It is often said that the early success of Ford Motor Company was due to the combination of James Couzens who could not assemble a Kiddy Kar, and Henry Ford who could not manage a grocery store. Together they had the talent needed to make a success of Ford Motor Company.


 

Historic marker stands where Ford Motor Company was incorporated. Now the site of the Renaissance Center, the huge downtown Detroit hotel, office and shopping complex spearheaded by Henry Ford II.

The Illustrious Vagabonds
by Dr. David L. Lewis

 

For several years before and after 1920, Henry Ford, Thomas Edison, Harvey Firestone, and John Burroughs participated in a series of motor camping caravans, which have been described as the first notable linking of the automobile with out-door recreation.

The idea for the camping trips seems to have germinated in a trip by the Fords and the Edisons to the Florida Everglades in 1914. It took firm root in California in 1915, when Ford, Firestone, and Edison motored from near Los Angeles to San Diego.

The group so much enjoyed the freedom and fun of motoring that Edison proposed similar "gypsy" trips in future summers. All agreed.

On an ancient waterwheel in West Virginia in 1918,the Four Vagabonds pose for a cameraman. Left to right are Harvey Firestone, Henry Ford, John Burroughs  and Thomas A. Edison.
On an ancient waterwheel in West Virginia in 1918,the Four Vagabonds pose for a cameraman. Left to right are Harvey Firestone, Henry Ford, John Burroughs
and Thomas A. Edison.
Ford, as it turned out, was too busy to join the 1916 expedition, which included the naturalist John Burroughs. But the auto king joined the 1918 outing to the Great Smokies, and at once became the dominant spirit of this and later excursions.

The 1918 "Vagabonds" (as the campers styled themselves) were Edison, Firestone and his son, Harvey, Jr., Ford, Burroughs, Professor R. J. DeLoach, an expert in plant pathology, and for a time Edward N. Hurley of the United States Shipping Board. They moved along in six cars-two Packards for riding, two Model Ts, and two Ford trucks-plus seven drivers and helpers.

1921 in the Great Smokies. Left to right: Henry Ford, Bishop William F. Anderson, Harvey Firestone (stooping). Thomas A. Edison and President Warren G. Harding.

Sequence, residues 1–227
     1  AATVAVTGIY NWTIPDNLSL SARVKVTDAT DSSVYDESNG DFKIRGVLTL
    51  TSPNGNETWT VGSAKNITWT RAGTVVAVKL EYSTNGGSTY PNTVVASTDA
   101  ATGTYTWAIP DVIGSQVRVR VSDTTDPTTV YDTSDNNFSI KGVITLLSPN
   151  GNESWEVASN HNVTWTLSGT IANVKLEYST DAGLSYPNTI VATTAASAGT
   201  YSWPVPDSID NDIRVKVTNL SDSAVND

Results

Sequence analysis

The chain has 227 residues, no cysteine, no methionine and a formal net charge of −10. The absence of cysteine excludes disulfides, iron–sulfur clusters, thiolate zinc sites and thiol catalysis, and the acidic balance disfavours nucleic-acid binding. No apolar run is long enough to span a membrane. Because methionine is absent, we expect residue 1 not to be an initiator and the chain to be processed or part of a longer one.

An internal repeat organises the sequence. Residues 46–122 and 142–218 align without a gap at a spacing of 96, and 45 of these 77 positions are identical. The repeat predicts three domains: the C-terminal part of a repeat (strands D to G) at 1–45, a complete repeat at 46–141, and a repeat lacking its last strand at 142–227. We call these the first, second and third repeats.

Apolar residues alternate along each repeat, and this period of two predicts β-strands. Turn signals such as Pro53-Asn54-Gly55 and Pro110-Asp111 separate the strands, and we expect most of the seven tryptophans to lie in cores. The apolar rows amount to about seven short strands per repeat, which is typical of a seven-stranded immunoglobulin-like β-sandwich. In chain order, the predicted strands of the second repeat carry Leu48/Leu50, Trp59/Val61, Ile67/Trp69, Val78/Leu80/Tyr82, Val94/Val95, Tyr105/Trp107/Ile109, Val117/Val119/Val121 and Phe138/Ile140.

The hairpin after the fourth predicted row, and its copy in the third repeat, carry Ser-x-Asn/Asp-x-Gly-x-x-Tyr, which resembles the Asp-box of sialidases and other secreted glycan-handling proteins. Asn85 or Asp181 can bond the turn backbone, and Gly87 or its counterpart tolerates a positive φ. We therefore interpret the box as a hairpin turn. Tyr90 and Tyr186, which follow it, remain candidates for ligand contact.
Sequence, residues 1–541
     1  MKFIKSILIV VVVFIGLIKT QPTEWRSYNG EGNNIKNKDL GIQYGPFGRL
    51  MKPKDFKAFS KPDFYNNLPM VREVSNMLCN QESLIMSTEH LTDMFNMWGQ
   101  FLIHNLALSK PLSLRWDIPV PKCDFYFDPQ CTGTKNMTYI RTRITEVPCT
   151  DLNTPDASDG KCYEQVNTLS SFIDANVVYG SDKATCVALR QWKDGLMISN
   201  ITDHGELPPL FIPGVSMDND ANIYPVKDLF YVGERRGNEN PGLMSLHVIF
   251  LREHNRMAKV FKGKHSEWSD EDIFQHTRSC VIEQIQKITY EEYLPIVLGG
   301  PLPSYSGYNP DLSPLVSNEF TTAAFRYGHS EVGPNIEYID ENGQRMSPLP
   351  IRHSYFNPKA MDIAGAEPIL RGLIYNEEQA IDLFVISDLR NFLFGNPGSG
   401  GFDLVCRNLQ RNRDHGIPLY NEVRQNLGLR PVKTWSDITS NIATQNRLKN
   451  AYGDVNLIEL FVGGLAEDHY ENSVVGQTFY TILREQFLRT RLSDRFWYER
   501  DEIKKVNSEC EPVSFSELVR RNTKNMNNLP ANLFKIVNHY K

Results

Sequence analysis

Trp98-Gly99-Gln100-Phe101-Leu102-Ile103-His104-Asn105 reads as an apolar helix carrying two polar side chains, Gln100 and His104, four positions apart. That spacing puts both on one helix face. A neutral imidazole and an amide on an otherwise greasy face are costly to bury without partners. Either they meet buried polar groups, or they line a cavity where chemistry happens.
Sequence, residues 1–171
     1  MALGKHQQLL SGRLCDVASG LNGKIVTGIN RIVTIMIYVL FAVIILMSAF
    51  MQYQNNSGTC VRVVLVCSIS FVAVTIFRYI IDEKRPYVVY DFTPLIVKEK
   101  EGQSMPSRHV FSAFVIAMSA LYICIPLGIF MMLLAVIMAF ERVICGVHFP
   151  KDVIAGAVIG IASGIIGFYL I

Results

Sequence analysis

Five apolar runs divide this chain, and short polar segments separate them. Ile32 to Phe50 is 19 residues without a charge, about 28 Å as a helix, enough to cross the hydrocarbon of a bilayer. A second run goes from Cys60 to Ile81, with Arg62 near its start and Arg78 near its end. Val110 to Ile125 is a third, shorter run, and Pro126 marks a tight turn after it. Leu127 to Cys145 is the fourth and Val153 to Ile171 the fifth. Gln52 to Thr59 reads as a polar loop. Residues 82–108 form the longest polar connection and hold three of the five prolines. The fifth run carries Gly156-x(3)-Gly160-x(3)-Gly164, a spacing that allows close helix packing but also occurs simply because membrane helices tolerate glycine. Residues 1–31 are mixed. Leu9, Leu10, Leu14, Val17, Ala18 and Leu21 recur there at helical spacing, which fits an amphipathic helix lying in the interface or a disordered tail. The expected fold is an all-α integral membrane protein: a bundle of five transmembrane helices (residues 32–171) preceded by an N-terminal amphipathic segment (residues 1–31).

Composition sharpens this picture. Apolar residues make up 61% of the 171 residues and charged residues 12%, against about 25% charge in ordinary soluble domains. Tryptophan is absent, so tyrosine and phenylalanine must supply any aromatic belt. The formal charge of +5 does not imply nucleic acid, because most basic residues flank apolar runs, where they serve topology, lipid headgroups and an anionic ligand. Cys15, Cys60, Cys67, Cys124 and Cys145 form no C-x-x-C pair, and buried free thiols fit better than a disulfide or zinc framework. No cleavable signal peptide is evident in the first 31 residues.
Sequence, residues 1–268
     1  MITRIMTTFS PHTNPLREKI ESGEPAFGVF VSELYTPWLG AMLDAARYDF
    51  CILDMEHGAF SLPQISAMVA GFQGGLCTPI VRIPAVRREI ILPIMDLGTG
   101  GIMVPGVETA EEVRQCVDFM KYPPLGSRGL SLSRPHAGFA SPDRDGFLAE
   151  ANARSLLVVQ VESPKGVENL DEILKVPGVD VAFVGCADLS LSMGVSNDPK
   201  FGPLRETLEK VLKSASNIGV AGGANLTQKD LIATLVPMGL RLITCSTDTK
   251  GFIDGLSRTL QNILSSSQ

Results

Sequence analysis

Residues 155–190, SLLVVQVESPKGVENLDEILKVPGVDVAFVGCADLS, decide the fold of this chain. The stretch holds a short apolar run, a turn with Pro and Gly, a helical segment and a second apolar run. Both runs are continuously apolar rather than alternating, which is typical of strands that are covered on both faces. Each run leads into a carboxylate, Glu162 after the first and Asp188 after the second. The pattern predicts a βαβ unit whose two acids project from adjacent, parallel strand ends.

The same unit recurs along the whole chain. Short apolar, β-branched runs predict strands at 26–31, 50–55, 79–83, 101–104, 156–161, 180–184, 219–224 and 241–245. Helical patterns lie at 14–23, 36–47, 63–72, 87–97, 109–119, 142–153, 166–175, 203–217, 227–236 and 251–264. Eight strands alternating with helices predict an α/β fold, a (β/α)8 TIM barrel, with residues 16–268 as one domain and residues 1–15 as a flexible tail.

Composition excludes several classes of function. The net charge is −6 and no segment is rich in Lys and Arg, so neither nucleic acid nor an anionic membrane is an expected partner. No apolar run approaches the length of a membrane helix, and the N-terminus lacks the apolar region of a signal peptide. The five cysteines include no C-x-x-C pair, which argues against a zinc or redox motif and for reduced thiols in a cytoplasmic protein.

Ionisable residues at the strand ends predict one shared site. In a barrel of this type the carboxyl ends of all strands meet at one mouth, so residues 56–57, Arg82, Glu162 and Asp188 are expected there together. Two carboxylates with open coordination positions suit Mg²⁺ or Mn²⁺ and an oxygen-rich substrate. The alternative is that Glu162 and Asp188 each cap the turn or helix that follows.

Shaving time on a summer morning in 1921 in the Great Smokies. Left to right: Henry Ford, Bishop William F. Anderson, Harvey Firestone (stooping). Thomas A. Edison and President Warren G. Harding. Ford seems to be managing without a mirror, perhaps in deference to the President who is making use of one. Bishop Anderson, fully dressed, apparently was an early riser. Firestone, Edison and the President display a variegated assortment of undershirts.

tree
The picture is dulled by age, but the action is lively as Henry Ford swings
from the left on a tree destined to provide fuel for the vagabonds' campfire.

The 1918 trip covered a lot of ground, for the vagabonds drove from Pennsylvania down through West Virginia to Tennessee, and then swung over to North Carolina, Virginia, and Maryland, This trip set a pattern for those to follow. In 1919 the party swung through northern New York, Vermont, and 
New Hampshire. Along the way the group visited a power site Ford had purchased at Green Island on the Hudson River. A camping trip was omitted in 1920, although the group had a fall outing at Yama Farms, New York. Then the wives demanded a share in the adventure, and in 1921 a journey through Maryland and Pennsylvania saw Mrs. Edison, Mrs. Ford, Mrs. Firestone, Mrs. Harvey Firestone, Jr., and Mrs. W. F. Anderson (wife of Methodist Bishop William F. Anderson) with the party, as well as President Harding. Mrs. Harding had been invited but could not go.

In 1923 the party visited President Coolidge in Massachusetts, and in late April, 1924, on a journey across the upper peninsula of Michigan, Ford acted as engineer and Firestone as fireman for a train which carried the Fords, Edisons, Fire stones, and Edsel Fords to various Ford properties - Iron Mountain, Sidnaw, and